This year's theme is "delivering the experience", and given the company's contact center focus, it's all about the customer. We hear a lot about network and architectures at these events, and while there's plenty of that on tap here too, it's nice to see more emphasis on the end user experience. Interactive certainly has a strong and growing customer base, so it's clear their technology works well. I like the message here, as distinct cusotmer experiences are one of the few ways companies can differentiate themselves these days.
A lot of companies are struggling in this space, and Interactive is making it clear here that they're not one of them. Being a public company, we already know that, but it's nice to get another layer of detail to reinforce how well they're doing. The deal sizes are getting bigger, their international footprint is growing, and traction is strong in the right place - cloud. They expect cloud to account for 50% of total orders in 2013, and that's way up from just a couple of years ago. It's fair to say they're betting big on the cloud, and so far it looks like they've bet right.
Small thing, but I think it will get bigger - compliance. I don't hear vendors talk about this, and since I'm currently doing work in this area, it gets my attention. It was nice to hear that Interactive understands the importance of being compliant with regulations and standards like HIPAA, SOX, ISO and PCI. Some of this is standard procedure for anyone in the contact center space, especially when agents are handling personal information like credit cards. However, I believe that IT compliance audits will become more vigilant when it comes to things like VoIP and UC, and the more they start to see these as weak links that expose networks to security threats.
Interactive has a deep and expanding product portfolio, and I like seeing their focus on value-added applications that go beyond routine contact center peformance monitoring/management tools. Of particular note were Interaction Analyzer and Interaction Mobilizer. The former focuses on real-time speech analytics and the latter on mobile customer care. Context is a big missing link in the contact center value chain and Analyzer will help customers make more sense of what is washing over agents all day long, and it's clear that Interactive sees a lot of opportunity here.
Two other areas caught my attention for things that help differentiate Interactive. One is their focus on vertical markets, and we heard a few examples of this, such as health care, retail, financial services and utilities. Anyone can come to market with a generic solution, but Interactive has smartly been emphasizing their expertise in verticals, each of which has a distinct set of customer needs.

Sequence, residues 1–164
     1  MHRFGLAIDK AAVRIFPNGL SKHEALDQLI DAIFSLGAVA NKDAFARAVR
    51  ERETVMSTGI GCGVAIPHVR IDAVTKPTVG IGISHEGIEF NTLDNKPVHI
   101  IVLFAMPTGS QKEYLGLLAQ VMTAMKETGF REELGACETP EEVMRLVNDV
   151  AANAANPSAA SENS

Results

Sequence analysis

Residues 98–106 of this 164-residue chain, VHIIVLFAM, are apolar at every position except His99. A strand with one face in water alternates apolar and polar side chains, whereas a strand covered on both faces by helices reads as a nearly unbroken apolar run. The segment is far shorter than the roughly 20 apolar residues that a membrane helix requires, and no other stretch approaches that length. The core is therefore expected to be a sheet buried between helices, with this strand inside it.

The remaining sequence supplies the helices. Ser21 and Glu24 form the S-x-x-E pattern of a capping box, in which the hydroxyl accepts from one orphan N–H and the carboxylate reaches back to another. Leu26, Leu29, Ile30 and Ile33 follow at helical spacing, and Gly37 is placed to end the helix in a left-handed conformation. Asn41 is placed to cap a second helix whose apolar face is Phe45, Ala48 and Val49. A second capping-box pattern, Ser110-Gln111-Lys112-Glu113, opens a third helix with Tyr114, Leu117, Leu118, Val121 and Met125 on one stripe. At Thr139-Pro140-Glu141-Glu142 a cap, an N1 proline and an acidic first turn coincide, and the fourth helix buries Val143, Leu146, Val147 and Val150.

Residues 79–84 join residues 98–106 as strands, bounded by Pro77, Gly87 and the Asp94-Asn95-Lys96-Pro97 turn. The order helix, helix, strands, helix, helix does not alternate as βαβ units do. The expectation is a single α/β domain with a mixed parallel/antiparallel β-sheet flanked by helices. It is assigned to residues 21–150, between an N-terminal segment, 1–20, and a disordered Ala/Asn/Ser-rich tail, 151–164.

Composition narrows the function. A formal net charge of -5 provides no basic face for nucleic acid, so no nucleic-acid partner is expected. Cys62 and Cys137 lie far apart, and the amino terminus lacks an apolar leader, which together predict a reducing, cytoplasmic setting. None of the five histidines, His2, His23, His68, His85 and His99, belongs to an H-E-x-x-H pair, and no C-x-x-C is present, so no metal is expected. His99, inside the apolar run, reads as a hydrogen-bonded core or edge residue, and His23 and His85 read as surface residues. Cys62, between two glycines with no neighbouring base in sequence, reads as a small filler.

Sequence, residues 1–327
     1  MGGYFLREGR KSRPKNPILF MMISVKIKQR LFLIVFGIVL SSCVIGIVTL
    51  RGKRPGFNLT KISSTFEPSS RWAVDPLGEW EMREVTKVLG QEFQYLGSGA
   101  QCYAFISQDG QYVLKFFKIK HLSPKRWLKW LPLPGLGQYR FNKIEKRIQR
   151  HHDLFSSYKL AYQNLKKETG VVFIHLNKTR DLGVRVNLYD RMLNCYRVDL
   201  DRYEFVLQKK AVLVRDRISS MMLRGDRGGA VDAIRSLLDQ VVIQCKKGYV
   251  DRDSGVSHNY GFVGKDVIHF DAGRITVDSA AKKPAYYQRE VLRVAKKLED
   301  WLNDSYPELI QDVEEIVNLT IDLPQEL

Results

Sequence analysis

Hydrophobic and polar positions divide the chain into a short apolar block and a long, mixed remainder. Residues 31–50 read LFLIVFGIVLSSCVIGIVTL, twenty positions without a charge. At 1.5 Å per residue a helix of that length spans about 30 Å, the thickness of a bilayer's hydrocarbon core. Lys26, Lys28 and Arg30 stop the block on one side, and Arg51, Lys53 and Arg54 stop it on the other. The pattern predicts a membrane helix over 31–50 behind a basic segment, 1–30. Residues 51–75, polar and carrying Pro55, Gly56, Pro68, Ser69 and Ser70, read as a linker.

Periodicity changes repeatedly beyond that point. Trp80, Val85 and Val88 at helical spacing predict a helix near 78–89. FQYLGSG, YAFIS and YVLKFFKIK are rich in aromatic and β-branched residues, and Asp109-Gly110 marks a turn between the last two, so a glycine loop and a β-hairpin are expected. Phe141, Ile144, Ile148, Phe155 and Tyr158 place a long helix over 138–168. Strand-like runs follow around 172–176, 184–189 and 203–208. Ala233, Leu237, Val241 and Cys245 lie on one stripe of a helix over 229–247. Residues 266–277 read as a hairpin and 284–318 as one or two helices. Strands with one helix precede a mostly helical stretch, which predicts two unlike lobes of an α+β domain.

The other focus was IPA - their take on CEBP. This is relatively new, and while not their core competence, they have slowly been building up some traction with process automation tools. They could have quietly exited, but they've stuck with it and now have a small base of commercial deployments, including some who are not using their UC platform. This means you don't have to be using CIC to use IPA, and if they're getting some standalone business, they must be doing something right on this front.
As usual, CEO Don Brown gave us the big picture, and the main message is that their cloud strategy is working. Interactive was early to market with this, and it's clearly paying dividends and validating Dr. Brown's vision for where communications is going. There are bigger things coming that we can't talk about yet, and if you like Interactive now, I think you'll like them even better as the rest of their 2013 roadmap unfolds.
Last but not least was the Mission Control keynote by Captain Jim Lovell and Gene Krantz, recounting the Apollo 13 mission and the value of teamwork and leadership. This was the conference highlight for sure, and these guys are totally the real deal. Makes you feel pretty expendible when you get stressed out about downloads that take 2 seconds too long, and these guys are trying to bring a spaceship back to Earth without any guidance tools because they didn't have enough power to support them. It was nice hearing their views on what it would take for the US to get back in the saddle with the space program, as it would do wonders to make everyone feel good about America again. Seems like such a long time ago now, but they are living proof of what it takes to be great. This is the only time I've seen a keynote get a standing ovation at a conference, and there was no doubt about how inspired everyone felt in their presence.